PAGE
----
Tina Fontaine's community of Sagkeeng changes its child welfare system

One year after the death of Tina Fontaine, her home community tries to make changes to its child welfare system.

Sagkeeng First Nation hosts pilot project that focuses on prevention before apprehension

One year after the murder of 15-year-old Tina Fontaine, Sagkeeng First Nation is making changes to its child welfare system. 2:23

One year after the murder of 15-year-old Tina Fontaine, Sagkeeng First Nation is making changes to its child welfare system.

​Fontaine was supposed to be in the care of Child and Family Services when her body was pulled from Winnipeg's Red River on August 17, 2015.

Now the Sagkeeng First Nation is taking part in a pilot project called Circle of Care where instead of having children apprehended by CFS, resources are offered to help the family stay together. If protection is needed, members of the extended family are encouraged to take the children in. 

The Circle of Care pilot was first announced in January 2015. It was a response to the Hughes Inquiry, released in the wake of another tragedy involving CFS - the case of Phoenix Sinclair.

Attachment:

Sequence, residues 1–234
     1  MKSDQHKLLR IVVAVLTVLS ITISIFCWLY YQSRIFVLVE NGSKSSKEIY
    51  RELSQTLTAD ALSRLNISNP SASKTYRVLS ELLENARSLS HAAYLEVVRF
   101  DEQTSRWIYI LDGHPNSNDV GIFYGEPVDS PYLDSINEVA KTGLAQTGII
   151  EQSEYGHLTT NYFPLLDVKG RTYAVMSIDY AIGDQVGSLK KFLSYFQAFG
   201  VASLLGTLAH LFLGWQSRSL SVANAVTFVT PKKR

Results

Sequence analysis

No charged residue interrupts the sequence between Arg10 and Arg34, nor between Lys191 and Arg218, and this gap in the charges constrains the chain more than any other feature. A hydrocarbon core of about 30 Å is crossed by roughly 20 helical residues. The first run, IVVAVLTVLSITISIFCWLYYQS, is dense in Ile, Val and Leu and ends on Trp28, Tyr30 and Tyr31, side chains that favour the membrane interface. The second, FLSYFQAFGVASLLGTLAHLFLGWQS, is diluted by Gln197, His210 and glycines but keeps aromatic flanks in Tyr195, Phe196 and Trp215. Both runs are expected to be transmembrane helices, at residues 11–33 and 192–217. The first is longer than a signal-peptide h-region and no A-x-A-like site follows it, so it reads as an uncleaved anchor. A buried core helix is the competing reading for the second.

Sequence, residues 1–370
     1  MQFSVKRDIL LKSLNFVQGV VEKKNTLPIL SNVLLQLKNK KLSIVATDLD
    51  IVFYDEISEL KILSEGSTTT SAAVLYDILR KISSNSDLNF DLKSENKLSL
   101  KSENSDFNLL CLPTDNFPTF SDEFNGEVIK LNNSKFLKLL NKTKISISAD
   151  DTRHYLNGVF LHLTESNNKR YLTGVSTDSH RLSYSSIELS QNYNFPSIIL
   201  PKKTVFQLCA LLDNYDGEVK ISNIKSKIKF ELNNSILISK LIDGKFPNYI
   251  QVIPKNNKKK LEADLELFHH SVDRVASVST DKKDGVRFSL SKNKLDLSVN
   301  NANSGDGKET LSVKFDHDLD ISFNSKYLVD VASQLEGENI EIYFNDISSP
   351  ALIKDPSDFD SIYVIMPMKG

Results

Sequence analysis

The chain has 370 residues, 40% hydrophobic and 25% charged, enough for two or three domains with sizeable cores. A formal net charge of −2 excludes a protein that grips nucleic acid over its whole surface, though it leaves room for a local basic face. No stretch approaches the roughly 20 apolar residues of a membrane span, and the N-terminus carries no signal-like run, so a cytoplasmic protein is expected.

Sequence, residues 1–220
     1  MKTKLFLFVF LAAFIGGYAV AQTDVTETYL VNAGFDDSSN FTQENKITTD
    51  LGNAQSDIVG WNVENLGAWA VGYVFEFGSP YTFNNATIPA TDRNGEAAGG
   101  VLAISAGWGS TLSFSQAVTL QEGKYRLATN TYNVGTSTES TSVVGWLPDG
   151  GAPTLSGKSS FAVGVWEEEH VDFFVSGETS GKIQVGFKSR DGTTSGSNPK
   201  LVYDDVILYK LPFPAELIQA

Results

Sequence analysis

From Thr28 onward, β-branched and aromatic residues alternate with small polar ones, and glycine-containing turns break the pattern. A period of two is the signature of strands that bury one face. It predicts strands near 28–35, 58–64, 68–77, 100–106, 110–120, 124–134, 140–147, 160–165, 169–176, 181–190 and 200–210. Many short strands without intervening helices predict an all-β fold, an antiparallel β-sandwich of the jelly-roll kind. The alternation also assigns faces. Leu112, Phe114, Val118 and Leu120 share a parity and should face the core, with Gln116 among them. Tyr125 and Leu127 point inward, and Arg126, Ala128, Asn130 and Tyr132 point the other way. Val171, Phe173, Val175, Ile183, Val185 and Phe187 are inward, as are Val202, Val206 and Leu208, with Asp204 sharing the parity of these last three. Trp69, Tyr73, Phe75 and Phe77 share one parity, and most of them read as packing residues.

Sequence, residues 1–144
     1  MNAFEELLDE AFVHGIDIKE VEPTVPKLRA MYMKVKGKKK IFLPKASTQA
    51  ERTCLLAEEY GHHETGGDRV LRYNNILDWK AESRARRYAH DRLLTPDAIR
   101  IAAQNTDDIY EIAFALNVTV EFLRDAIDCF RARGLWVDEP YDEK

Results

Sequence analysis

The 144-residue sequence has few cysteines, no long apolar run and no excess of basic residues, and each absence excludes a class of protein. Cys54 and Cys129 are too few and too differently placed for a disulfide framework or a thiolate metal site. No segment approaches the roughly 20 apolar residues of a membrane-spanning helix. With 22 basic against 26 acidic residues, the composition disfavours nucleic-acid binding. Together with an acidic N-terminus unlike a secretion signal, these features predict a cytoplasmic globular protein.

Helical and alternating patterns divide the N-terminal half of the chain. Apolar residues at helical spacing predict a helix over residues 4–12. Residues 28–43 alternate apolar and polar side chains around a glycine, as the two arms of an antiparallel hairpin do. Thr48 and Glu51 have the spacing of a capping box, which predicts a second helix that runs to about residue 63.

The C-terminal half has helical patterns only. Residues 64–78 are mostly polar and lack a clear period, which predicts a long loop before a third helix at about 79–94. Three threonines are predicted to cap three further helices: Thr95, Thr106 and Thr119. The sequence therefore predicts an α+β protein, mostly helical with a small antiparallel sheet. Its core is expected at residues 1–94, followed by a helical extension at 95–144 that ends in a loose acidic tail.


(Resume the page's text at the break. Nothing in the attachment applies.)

"The success of the program is going to make the community successful. Because we'll have kids that will be brought up in their community and raised in their community," said chief Derrick Henderson.

Henderson also calls it a return to Sagkeeng's not so distant past.

"There was no such thing as CFS when I was growing up, I never even knew anything about it. And I was a part of that in my growing up, my grandmother raised me all my life," he said.

"How much better would it be for your children to stay with family instead of being removed from the community to somewhere else?"

Once the family is identified as needing help, they're invited to sit in a circle with all of the agencies that normally might have worked with them separately. Together, they work out an action plan for being a healthy family again.

Circle of Care coordinator Harold Fontaine said it hasn't been easy getting all of these different agencies in one room. Then there are the often already-troubled family dynamics.

"Sometimes things surface, strained relationships," Fontaine said, adding that he sees a deep mistrust of child welfare in the community.

"They see them [CFS] just coming in to apprehend the kids and they have no say." 

To combat that mistrust, the Circle of Care program is housed in the community's health centre, far from the local child and family services agency. 

Six families have taken part in the Circle of Care so far and five more are set to begin but the community is already looking to expand the program. 

"I have families calling my office and asking when they can sign up, that's success to me," said chief Henderson, adding he plans to request more time and resources for the Circle of Care from the province.